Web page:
Snuff bottles use traditional Chinese art practices such as painting, porcelain manufacture, jade and stone carving and enamelling.
The function of a Chinese snuff bottles was twofold: to contain snuff in a convenient manner, and to be a beautiful handheld object. Snuff, or ground tobacco, was introduced to China by England in the 16th century and became embraced by elite members of society. While the English used boxes to contain their snuff, the Chinese developed the snuff bottle as a smaller, more convenient method of transporting snuff, that also kept moisture out with their typically very small openings.
These bottles are usually perfectly sized to fit in the palm of one’s hand, and have a stopper with a tiny spoon attached. Beyond these commonalities, they can range widely in their material, colour, size, method of decoration, and the motifs themselves. Chinese artists and snuff bottle users alike saw these bottles as fertile ground for artistic and personal expression, and borrowed motifs, themes, and techniques from traditional Chinese art practices (painting, porcelain, lacquer ware, and so on). Because of this, the world of snuff bottles can be fittingly described as Chinese art in miniature.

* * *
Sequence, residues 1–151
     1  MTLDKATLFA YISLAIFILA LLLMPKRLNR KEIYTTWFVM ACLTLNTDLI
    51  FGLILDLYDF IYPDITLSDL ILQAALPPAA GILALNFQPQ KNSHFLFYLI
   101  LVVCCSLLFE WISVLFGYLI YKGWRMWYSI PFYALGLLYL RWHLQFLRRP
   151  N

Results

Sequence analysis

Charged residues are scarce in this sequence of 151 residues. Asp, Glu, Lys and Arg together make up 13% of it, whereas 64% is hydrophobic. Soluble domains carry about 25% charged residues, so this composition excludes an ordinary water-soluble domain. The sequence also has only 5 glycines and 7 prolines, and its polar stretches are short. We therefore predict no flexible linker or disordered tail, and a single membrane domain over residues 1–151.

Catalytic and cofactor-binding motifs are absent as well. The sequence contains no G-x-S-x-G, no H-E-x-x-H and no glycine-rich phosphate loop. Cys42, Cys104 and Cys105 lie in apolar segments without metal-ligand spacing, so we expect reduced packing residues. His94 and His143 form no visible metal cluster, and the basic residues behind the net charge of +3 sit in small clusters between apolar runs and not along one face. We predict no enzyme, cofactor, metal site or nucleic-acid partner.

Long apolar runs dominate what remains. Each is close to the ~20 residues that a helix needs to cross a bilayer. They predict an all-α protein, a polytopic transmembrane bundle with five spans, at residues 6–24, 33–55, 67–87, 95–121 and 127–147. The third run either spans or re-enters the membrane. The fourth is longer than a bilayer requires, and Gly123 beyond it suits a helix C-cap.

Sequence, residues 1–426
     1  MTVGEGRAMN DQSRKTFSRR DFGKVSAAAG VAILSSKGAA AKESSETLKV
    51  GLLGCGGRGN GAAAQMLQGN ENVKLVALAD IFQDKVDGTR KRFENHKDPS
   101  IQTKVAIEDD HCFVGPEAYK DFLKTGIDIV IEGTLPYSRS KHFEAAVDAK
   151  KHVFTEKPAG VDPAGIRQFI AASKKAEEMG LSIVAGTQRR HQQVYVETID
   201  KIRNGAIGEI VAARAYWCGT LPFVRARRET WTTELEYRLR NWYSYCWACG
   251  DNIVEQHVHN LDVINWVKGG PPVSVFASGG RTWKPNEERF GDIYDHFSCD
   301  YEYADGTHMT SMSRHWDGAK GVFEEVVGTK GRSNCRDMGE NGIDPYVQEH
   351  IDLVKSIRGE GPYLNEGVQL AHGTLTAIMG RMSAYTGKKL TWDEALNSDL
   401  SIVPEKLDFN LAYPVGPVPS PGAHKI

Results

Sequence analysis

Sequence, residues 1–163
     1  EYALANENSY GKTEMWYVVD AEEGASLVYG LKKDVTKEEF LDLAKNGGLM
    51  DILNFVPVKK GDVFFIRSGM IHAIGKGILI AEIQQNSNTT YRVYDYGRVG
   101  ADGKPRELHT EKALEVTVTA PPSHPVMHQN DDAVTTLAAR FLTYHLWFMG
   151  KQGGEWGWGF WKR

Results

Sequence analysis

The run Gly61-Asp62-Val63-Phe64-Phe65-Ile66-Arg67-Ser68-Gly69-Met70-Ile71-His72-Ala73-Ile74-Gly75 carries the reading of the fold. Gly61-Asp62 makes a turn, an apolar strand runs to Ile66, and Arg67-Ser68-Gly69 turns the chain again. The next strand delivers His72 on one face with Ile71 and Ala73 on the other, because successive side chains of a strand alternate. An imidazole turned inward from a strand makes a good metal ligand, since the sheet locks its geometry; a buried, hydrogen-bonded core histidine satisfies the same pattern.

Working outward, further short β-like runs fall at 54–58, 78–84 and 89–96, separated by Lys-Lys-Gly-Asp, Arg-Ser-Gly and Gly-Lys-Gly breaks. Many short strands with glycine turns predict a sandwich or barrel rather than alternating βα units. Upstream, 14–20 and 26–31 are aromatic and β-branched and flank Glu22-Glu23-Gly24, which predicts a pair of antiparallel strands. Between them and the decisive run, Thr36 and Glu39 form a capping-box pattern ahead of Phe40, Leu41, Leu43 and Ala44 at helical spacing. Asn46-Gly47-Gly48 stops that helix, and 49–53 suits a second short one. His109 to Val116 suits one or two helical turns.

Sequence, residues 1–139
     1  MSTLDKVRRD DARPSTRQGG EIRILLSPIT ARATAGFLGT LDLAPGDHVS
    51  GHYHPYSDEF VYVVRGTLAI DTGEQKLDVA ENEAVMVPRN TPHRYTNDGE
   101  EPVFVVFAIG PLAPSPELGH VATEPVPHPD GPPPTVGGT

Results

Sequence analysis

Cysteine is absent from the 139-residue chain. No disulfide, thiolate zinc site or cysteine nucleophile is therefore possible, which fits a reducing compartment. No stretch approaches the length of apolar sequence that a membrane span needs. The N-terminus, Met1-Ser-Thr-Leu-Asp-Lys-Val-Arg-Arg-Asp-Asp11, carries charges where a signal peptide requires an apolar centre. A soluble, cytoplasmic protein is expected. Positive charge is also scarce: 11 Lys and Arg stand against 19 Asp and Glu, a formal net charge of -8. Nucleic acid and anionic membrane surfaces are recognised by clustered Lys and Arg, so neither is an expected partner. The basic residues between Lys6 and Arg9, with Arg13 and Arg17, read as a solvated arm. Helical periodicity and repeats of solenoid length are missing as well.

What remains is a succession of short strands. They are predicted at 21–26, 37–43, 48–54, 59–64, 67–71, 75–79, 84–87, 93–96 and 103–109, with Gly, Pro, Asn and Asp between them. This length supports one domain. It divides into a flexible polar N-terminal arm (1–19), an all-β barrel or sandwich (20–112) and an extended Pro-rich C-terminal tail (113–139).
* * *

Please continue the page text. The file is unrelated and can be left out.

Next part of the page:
Chinese Snuff Bottle Society
Crystals and Stones
BY COCO BANKS
Minneapolis Institute of Art, from 14 September to 7 June, 2020, new.artsmia.org